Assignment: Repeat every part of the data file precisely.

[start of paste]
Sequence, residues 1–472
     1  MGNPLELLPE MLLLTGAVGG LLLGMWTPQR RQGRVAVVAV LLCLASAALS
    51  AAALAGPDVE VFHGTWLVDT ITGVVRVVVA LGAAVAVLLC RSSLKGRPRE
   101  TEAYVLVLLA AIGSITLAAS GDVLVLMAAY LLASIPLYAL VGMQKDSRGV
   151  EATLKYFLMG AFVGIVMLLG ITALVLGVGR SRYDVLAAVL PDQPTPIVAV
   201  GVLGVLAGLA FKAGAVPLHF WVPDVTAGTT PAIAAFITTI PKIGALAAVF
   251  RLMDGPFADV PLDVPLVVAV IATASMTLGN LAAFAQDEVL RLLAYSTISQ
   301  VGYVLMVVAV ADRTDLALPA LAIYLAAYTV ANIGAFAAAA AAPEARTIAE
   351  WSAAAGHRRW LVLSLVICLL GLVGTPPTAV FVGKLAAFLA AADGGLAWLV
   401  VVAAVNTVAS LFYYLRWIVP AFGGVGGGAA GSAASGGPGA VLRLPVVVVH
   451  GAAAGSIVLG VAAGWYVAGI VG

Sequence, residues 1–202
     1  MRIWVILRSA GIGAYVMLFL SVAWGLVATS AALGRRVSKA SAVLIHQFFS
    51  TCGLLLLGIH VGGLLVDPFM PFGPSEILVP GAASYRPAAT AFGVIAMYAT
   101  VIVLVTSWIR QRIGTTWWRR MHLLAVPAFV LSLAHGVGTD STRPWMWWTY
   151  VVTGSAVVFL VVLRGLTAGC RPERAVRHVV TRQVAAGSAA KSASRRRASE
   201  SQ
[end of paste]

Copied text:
Sequence, residues 1–472
     1  MGNPLELLPE MLLLTGAVGG LLLGMWTPQR RQGRVAVVAV LLCLASAALS
    51  AAALAGPDVE VFHGTWLVDT ITGVVRVVVA LGAAVAVLLC RSSLKGRPRE
   101  TEAYVLVLLA AIGSITLAAS GDVLVLMAAY LLASIPLYAL VGMQKDSRGV
   151  EATLKYFLMG AFVGIVMLLG ITALVLGVGR SRYDVLAAVL PDQPTPIVAV
   201  GVLGVLAGLA FKAGAVPLHF WVPDVTAGTT PAIAAFITTI PKIGALAAVF
   251  RLMDGPFADV PLDVPLVVAV IATASMTLGN LAAFAQDEVL RLLAYSTISQ
   301  VGYVLMVVAV ADRTDLALPA LAIYLAAYTV ANIGAFAAAA AAPEARTIAE
   351  WSAAAGHRRW LVLSLVICLL GLVGTPPTAV FVGKLAAFLA AADGGLAWLV
   401  VVAAVNTVAS LFYYLRWIVP AFGGVGGGAA GSAASGGPGA VLRLPVVVVH
   451  GAAAGSIVLG VAAGWYVAGI VG

Sequence, residues 1–202
     1  MRIWVILRSA GIGAYVMLFL SVAWGLVATS AALGRRVSKA SAVLIHQFFS
    51  TCGLLLLGIH VGGLLVDPFM PFGPSEILVP GAASYRPAAT AFGVIAMYAT
   101  VIVLVTSWIR QRIGTTWWRR MHLLAVPAFV LSLAHGVGTD STRPWMWWTY
   151  VVTGSAVVFL VVLRGLTAGC RPERAVRHVV TRQVAAGSAA KSASRRRASE
   201  SQ